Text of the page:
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  Reply # 1912525 4-Dec-2017 10:03
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MaxLV:

 

It is a very significant part of New Zealand culture and history, in case you're not aware, it is one of the two official languages of New Zealand and just as important as the other one.

 


 

Actually, it is one of three official languages - people always forget sign language, which somehow is rarely seen as important. All those entitled elitists with their working ears and ability to speak... wink





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  Reply # 1912583 4-Dec-2017 11:45
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If you want a language to survive it's children who must learn it. No amount of broadcasting it is going to make a difference.

 

Most adults don't have the time or inclination to learn a new language (apart from the odd word) no matter what it is and I'm sure I read somewhere once that a 'switch' goes off in your brain around your teenage years which makes learning language much more difficult. Presumably because as an adult you have a myriad of other things to concentrate on.


 
 
 
 


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  Reply # 1912621 4-Dec-2017 12:53
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amiga500:

 

Had NZ been colonised by another Nation such as France or Portugal we would now have a language that is less useful than English.    The French are so desperate to preserve the French language that newspapers in English are actually printed in Belgium and brought into France.    If you stay in a hotel you may find an English speaking news channel but it will come from Spain and so on.    Go to many countries in Europe & often the younger people speak English well - they may have had English lessons from age 5 or 6 to 12 years or more.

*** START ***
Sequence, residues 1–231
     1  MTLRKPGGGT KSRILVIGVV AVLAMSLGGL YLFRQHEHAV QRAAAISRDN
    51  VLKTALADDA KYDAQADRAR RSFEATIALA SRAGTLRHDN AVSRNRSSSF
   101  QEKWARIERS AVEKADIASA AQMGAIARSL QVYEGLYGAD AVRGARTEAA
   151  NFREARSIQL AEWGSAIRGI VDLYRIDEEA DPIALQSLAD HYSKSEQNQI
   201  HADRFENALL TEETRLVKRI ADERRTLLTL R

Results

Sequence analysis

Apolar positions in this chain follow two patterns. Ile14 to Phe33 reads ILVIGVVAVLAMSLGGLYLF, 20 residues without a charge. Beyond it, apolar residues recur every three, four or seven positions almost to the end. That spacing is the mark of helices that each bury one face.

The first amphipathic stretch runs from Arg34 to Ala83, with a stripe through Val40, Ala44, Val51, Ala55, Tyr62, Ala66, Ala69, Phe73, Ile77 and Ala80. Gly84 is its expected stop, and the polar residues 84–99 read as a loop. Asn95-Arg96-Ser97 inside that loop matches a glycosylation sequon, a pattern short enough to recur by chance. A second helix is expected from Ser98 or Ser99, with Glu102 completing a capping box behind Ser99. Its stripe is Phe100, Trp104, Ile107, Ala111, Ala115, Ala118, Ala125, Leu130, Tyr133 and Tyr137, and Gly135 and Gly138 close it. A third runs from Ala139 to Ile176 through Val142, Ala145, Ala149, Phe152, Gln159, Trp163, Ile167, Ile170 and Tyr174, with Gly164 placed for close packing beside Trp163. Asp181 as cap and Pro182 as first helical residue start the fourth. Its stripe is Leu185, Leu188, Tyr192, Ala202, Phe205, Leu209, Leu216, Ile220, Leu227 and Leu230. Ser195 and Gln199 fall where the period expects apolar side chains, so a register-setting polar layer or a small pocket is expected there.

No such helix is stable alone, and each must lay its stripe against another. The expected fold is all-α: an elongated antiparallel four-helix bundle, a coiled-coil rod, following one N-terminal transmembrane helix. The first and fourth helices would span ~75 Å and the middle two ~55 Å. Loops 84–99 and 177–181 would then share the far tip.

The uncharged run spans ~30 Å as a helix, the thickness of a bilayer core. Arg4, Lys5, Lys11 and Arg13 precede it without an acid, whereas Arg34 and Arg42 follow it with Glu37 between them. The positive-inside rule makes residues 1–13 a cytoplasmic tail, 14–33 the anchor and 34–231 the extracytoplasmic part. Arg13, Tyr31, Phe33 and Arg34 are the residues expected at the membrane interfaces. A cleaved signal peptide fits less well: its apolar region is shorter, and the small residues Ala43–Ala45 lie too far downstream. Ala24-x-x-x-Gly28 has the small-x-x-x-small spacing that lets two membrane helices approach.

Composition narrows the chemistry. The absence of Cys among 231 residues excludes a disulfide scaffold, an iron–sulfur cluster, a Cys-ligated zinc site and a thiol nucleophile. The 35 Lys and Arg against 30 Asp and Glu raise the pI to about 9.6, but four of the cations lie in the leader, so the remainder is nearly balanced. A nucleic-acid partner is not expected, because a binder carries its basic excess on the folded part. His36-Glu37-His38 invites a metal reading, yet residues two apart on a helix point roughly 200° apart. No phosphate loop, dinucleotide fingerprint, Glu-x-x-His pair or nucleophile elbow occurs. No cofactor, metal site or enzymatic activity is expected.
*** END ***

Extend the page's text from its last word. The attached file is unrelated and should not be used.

Get on a plane just about anywhere & if they have a safety briefing and greeting the second language will be English. (I say this based on my very limited international travel, and from watching too many trip reports on Youtube!)   Likewise for airports the signage will be in the language of the country plus in English.  English is the language used for air traffic control.    From an ease of use & maybe even safety,  this is an advantage for pilots of Qantas and Air New Zealand.  When you check in at CDG in Paris you may be served by a person who can speak perfect English.

 

So, what I am saying is that every person in NZ should be very grateful that we have English.    And yes, learning another language is a really really good thing to do.  

 

 

 

 

 

 

 

 

When I was working in the DIA, two colleagues were arguing over the correct way to put something in English. Neither was correct, so I cleared my throat and said "As the only person in the office who actually speaks English..."